Nick Buckles, the chief executive of G4S, will not be relishing his appearance before the Home Affairs Select Committee this week. Its chairman, Keith Vaz, appears to take almost perverse pleasure in summoning public figures for questioning once the damaging facts have already been placed in the public domain.
In this case the phrase "shooting fish in a barrel" comes to mind, and the book down the back of Mr Buckles's trousers had better be thick. Contrition and apology may not be enough and, if the news stories about the absence of proper preparation by G4S are to be believed, the knives are going to be further sharpened and his immediate future will begin to look pretty bleak.
The real winners in this particular Olympic sport are not, as would normally be the case, G4S's competitors. The likes of Serco and others will be wincing at the public confidence hit that their collective global and highly profitable industry is going to take as a result of this affair. Certain police forces that were about to sign extensive outsourcing contracts of large chunks of their business to this sector have already put negotiations on hold. Watching the G4S Olympic debacle will only make them retreat still further and be more likely to abandon the plans completely.
No, the real winner is British policing, and at the moment and at every level they are playing a blinder. Privately, I have no doubt the police are furious about the situation they have been put in, but the trick now is to put anger aside; not look smug, but just get on and deliver a safe and secure Olympics for a grateful nation.
The signs are already good. A Police Federation that would normally waste little time in exploiting this situation for short-term gains, expressing horror and outrage at G4S's incompetence, is now mostly shrugging its shoulders, avoiding the "I told you so" line and saying that they, as professionals, will just get on and deliver. Assistant Commissioner Chris Allison, who without any fanfare is doing a brilliant job as the police Olympic security lead, has already put together a plan to cover the shortfall, and has put out a soothing, non-alarmist media statement to that effect.
So, a police service that certain parts of the Government and commentators would have us believe is a bastion of self-interest and where flexible working practices are anathema, suddenly finds itself in a no-lose situation, where the exact opposite is demonstrably the case.
In some quarters there will be concerns that the supposed "blue Games" is suddenly, as a result of the increased military presence, going to turn all khaki. I don't really buy that. The military was always going to play a supporting role. The fact that there are now to be more soldiers is to be welcomed, though it is most unfortunate if it disrupts their well-earned leave. The military has played a significant role in the security at Wimbledon for years and its presence has always added to the sense of occasion. The choice of a searching and guarding regime undertaken by an experienced and well-trained soldier over a student who may have glimpsed some training material from the back of a classroom with 200 people in it is not a difficult one.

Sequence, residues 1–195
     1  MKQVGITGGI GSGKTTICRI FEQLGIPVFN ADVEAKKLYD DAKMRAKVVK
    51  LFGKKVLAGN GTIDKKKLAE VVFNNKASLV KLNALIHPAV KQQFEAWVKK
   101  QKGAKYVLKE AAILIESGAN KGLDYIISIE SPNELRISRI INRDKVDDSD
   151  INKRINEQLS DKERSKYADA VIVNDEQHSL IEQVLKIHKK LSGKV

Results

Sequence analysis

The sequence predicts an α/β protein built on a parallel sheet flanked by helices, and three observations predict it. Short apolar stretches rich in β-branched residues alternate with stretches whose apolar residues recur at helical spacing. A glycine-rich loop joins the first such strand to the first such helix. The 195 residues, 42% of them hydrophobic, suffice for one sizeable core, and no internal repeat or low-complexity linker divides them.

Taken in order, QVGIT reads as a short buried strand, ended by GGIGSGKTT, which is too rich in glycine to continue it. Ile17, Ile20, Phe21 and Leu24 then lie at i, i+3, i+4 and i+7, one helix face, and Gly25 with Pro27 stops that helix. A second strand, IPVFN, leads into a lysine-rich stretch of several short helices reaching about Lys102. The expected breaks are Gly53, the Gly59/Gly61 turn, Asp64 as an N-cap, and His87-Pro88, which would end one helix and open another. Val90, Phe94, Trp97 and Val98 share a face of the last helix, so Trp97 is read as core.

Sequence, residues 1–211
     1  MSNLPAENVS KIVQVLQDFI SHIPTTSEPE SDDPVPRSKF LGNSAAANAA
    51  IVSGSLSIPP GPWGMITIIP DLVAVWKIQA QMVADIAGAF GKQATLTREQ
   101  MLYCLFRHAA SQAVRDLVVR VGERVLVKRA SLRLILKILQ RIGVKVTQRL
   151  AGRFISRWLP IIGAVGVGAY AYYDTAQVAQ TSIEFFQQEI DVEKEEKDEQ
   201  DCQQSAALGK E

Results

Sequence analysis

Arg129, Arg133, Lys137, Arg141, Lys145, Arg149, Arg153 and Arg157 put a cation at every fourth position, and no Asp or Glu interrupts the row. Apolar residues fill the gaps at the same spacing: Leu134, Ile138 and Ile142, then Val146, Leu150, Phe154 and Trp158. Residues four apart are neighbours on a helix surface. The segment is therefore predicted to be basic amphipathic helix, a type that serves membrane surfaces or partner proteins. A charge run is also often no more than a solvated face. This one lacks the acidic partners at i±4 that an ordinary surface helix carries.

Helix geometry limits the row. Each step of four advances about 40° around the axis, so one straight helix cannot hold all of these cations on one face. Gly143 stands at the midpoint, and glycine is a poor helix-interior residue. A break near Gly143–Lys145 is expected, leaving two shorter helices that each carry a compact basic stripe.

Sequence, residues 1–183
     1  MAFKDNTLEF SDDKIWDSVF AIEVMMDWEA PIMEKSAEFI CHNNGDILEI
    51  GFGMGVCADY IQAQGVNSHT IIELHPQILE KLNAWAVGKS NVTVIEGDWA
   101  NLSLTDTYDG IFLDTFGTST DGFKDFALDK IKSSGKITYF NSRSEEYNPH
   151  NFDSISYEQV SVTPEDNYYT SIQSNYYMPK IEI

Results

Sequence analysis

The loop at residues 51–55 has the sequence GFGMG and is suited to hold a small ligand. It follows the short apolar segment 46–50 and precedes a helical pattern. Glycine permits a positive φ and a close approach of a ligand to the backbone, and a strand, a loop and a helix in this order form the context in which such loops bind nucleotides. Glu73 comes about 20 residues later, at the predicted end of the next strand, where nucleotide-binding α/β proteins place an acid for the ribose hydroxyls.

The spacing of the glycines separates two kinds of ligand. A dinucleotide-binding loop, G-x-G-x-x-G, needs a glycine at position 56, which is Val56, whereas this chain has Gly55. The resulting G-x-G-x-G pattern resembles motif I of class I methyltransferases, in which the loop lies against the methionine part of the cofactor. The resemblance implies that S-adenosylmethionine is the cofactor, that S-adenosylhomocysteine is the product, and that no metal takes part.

What is much more important is who, from a security perspective, is now in charge. From this point on, it clearly must be the police, supported of course by close colleagues in the security services. The Olympic organising committee, the Home Office and the senior officials within can no longer call the shots around security. Any reassuring messages from any of these bodies will now be a waste of their collective breath.
What is now required is for these parties to switch to active listening mode. If the police make a bid for additional resources, then the usual sharp intakes of breath and bureaucracy must be replaced by an urgent and immediate willingness to make things happen. One can only hope that sense prevails and this indeed becomes the case. There isn't a Plan B.
The media will continue to do their level best to hype up the sense of doom and panic. This, after all, is the arena of their very own Olympic sport - taking lumps out of an apparently big British success story (G4S) with a flamboyant, well-paid chief executive at its helm. From the police though, there must not be a whiff of panic in the air, only the strong message of "you can rely on us" coming through loud and clear.
Come the autumn, when the latest round of austerity cuts for the police are being considered, and when the newly installed Chief Inspector of Constabulary, Tom Winsor, is opening the file marked "outdated organisation - reform proposals", who knows, there might just be a momentary pause for reflection. British policing is not perfect, not by any means, but come the big occasion, it always delivers. In recent days the only surprise is that we haven't seen policemen manning the immigration desks at Heathrow or mixing new concrete to pour into the holes in the flyover on the M4.
John Yates is a former UK head of counter-terrorism